Collaborative mental health treatment: current practices among mental health providers in Norway
Peer reviewed, Journal article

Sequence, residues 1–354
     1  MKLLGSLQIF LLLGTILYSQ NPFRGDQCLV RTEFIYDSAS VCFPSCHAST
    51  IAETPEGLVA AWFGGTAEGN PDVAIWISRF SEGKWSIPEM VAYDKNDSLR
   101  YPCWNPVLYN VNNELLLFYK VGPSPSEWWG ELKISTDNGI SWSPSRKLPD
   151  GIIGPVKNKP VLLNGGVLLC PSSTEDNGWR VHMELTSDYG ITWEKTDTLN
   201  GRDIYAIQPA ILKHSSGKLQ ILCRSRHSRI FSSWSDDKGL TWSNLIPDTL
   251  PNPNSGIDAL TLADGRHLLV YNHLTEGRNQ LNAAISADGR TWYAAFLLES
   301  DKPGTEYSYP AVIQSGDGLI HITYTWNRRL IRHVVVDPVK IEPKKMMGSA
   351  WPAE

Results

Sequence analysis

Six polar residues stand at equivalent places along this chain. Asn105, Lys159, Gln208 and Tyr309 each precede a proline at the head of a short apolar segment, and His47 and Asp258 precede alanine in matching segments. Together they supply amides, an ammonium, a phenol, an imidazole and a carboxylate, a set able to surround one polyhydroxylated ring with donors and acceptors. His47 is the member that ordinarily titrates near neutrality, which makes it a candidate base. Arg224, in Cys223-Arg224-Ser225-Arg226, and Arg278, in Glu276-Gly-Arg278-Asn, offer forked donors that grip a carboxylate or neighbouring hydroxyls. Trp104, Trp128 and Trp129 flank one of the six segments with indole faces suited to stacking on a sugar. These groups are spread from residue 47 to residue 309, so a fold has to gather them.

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The objective of this study is to examine the frequency of collaboration among mental health providers´ and assess perceptions of whether collaborative practices have an impact on the help that patients receive during treatment. This is a cross-sectional study comprising 201 mental health providers recruited from municipal mental health services and specialised clinics across Norway. Participants were asked about their attitudes toward collaborative practices, routines, and beliefs about collaborative mental health care. Regression analyses suggest that frequent contact with social services predicts more perceived adequate psychosocial and socioeconomic help by discharge from the perspective of mental health providers. In addition, results demonstrated a varying degree of frequency and type of collaborative practices. Mental health providers most frequently engage with general practitioners, and least frequently with volunteer services. There are substantial variations in when mental health providers are contacted by external service providers, and when they themselves initiate contact, which may be influenced by a range of factors and vary depending on their professional background and area of service The importance of strengthening collaborative care in mental health treatment and social services is highlighted to tackle overlapping challenges such as financial problems, unemployment, and mental illness.